Stream X-Machine - The Stream X-Machine - Relationship To X-machines

Relationship To X-machines

The Stream X-Machine is a variant of X-machine in which the fundamental data type X = Out* × Mem × In*. In the original X-machine, the φi are general relations on X. In the Stream X-Machine, these are usually restricted to functions; however the SXM is still only deterministic if (at most) one transition is enabled in each state.

A general X-machine handles input and output using a prior encoding function α: YX for input, and a posterior decoding function β: XZ for output, where Y and Z are respectively the input and output types. In a Stream X-Machine, these types are streams:

Y = In* Z = Out*

and the encoding and decoding functions are defined as:

α(ins) = (<>, mem0, ins) β(outs, memn, <>) = outs

where ins: In*, outs: Out* and memi: Mem. In other words, the machine is initialized with the whole of the input stream; and the decoded result is the whole of the output stream, provided the input stream is eventually consumed (otherwise the result is undefined).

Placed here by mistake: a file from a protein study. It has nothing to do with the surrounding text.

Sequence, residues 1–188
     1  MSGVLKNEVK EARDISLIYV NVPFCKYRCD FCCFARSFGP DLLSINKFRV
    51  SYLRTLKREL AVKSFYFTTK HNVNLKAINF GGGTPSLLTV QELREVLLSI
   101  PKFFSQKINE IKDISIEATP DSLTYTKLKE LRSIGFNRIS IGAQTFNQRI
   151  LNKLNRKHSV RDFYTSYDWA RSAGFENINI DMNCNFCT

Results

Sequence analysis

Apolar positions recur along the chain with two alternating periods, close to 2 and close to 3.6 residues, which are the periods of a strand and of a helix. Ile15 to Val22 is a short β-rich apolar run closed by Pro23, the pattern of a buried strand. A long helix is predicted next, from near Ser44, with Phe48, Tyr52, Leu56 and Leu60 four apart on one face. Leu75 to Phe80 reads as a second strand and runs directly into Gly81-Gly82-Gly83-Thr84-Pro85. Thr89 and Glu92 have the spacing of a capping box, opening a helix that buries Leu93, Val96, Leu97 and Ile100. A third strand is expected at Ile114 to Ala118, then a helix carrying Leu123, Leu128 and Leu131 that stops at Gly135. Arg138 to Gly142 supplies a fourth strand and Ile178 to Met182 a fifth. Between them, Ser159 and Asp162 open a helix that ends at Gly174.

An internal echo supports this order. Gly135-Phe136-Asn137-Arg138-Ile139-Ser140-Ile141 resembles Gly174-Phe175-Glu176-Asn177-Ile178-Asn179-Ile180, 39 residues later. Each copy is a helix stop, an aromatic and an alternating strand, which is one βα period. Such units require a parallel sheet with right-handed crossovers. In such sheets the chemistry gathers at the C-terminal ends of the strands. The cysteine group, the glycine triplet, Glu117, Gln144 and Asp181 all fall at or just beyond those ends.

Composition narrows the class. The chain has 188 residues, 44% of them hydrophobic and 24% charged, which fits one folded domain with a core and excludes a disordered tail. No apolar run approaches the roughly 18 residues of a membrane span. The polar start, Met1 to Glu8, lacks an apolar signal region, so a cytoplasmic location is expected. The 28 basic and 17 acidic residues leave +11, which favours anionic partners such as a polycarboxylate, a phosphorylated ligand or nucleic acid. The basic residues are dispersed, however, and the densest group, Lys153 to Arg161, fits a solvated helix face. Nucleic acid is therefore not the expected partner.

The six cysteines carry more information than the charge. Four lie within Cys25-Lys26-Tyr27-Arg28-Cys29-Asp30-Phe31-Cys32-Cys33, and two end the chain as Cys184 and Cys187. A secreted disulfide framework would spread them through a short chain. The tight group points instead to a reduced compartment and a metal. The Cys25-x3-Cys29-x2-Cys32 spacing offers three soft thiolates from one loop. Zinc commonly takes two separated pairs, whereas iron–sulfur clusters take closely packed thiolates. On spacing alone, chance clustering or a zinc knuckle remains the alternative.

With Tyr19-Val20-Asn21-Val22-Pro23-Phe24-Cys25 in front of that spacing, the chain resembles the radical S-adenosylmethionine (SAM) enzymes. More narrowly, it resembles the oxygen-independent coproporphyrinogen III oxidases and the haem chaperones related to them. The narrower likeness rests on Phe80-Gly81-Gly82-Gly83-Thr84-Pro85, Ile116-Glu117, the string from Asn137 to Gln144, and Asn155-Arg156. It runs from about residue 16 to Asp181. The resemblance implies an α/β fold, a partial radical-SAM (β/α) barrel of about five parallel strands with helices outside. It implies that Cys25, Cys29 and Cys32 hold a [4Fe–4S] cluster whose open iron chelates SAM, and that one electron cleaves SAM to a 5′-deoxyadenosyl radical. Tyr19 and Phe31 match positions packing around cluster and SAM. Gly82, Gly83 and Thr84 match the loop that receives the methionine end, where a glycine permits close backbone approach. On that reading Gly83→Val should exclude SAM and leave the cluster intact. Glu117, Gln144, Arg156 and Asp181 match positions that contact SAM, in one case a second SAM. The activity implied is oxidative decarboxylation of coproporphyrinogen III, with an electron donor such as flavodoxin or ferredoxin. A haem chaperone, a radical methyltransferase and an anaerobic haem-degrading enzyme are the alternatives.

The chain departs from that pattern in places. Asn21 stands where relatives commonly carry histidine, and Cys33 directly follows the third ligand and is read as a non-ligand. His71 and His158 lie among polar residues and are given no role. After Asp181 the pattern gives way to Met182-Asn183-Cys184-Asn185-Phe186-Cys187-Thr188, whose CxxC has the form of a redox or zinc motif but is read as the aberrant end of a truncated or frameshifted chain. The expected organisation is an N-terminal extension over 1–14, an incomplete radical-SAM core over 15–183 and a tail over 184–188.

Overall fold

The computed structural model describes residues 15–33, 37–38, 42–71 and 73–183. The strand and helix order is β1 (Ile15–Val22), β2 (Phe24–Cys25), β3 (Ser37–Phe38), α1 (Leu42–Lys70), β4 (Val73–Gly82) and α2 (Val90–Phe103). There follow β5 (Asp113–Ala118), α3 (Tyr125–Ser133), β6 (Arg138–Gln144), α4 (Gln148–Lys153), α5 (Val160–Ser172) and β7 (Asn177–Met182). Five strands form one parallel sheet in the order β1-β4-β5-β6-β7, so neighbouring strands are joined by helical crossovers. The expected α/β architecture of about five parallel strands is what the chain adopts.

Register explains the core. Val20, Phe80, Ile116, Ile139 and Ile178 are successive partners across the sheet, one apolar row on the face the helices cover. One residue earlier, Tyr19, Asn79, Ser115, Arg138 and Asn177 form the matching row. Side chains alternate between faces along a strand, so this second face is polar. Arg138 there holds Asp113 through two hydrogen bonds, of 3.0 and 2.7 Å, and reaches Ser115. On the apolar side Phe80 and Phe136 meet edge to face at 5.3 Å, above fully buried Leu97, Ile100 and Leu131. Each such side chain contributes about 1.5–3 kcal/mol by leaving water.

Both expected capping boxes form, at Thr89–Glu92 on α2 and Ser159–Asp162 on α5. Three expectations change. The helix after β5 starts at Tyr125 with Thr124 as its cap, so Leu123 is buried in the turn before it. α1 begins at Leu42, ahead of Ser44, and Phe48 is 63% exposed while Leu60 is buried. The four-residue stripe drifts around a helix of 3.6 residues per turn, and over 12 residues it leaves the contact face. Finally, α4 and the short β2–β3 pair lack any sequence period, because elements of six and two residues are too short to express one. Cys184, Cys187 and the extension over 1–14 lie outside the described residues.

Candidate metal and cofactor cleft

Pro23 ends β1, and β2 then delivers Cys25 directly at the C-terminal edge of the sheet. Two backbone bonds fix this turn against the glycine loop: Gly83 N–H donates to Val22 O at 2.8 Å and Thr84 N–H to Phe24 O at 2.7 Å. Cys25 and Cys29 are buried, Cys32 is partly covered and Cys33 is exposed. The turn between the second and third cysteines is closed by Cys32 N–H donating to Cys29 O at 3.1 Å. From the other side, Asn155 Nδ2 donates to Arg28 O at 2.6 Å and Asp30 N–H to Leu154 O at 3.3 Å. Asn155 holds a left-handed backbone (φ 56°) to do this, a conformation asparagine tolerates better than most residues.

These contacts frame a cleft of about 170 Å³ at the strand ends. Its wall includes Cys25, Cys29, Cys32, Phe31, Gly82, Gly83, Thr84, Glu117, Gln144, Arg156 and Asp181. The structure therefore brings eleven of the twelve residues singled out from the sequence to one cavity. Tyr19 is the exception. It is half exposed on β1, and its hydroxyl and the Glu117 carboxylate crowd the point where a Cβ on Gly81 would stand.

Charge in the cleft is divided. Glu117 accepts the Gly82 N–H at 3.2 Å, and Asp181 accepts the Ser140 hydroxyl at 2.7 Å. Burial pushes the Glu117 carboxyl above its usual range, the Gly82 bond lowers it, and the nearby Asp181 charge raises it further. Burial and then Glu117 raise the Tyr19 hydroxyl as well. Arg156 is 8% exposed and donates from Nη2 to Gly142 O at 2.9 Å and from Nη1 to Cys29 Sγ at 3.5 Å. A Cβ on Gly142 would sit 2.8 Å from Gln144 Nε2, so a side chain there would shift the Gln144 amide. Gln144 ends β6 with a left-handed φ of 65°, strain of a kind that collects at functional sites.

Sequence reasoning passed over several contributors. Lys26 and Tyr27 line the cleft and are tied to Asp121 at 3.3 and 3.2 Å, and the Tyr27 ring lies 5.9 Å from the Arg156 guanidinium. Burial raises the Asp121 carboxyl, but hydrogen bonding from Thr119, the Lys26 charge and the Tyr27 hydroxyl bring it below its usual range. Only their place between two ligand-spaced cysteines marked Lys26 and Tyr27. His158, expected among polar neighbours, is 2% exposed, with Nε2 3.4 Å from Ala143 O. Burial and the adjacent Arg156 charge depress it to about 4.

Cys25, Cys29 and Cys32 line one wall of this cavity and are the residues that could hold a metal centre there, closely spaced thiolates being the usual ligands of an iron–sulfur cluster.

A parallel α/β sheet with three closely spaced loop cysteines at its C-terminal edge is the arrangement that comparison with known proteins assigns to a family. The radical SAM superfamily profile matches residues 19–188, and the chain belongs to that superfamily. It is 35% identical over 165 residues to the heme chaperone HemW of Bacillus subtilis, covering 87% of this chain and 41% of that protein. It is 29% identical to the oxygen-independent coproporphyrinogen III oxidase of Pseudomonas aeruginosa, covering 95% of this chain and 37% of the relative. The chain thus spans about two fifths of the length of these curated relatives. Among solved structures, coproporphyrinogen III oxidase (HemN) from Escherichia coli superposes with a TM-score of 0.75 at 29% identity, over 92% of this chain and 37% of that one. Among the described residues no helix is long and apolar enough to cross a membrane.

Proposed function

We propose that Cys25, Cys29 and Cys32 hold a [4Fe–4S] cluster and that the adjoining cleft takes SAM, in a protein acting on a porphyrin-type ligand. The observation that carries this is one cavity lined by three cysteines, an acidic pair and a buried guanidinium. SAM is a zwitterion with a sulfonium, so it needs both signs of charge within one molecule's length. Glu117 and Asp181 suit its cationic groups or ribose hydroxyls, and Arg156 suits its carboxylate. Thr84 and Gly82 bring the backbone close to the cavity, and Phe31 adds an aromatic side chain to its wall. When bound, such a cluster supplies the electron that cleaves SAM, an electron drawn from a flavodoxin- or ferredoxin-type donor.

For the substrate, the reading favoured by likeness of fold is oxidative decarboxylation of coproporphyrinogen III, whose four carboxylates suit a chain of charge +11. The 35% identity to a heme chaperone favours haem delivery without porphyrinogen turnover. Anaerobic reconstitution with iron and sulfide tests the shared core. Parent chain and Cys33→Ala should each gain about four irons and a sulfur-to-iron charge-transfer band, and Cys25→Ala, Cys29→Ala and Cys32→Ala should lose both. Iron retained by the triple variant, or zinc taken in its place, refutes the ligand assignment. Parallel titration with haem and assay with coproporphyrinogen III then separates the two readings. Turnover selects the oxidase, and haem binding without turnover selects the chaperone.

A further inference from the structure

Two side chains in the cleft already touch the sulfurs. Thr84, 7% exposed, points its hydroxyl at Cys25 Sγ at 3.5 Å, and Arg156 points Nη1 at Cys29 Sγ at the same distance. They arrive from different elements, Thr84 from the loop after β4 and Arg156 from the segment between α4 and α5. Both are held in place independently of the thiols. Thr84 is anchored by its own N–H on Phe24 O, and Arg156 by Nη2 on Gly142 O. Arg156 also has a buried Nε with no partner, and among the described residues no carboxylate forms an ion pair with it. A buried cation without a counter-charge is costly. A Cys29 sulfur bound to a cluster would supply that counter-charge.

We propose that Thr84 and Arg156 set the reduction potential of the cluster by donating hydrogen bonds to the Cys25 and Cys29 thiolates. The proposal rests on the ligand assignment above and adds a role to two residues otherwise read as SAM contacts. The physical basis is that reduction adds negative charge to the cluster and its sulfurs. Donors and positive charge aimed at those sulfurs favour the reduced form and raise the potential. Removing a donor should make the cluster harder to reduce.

Each processing function in a SXM is given the abbreviated type φSXM: Mem × InOut × Mem. This can be mapped onto a general X-machine relation of the type φ: X → X if we treat this as computing:

φ(outs, memi, in :: ins) = (outs :: out, memi+1, ins)

where :: denotes concatenation of an element and a sequence. In other words, the relation extracts the head of the input stream, modifies memory and appends a value to the tail of the output stream.

Read more about this topic:  Stream X-Machine, The Stream X-Machine

Famous quotes containing the words relationship to and/or relationship:

    ... the Wall became a magnet for citizens of every generation, class, race, and relationship to the war perhaps because it is the only great public monument that allows the anesthetized holes in the heart to fill with a truly national grief.
    Adrienne Rich (b. 1929)

    But the relationship of morality and power is a very subtle one. Because ultimately power without morality is no longer power.
    James Baldwin (1924–1987)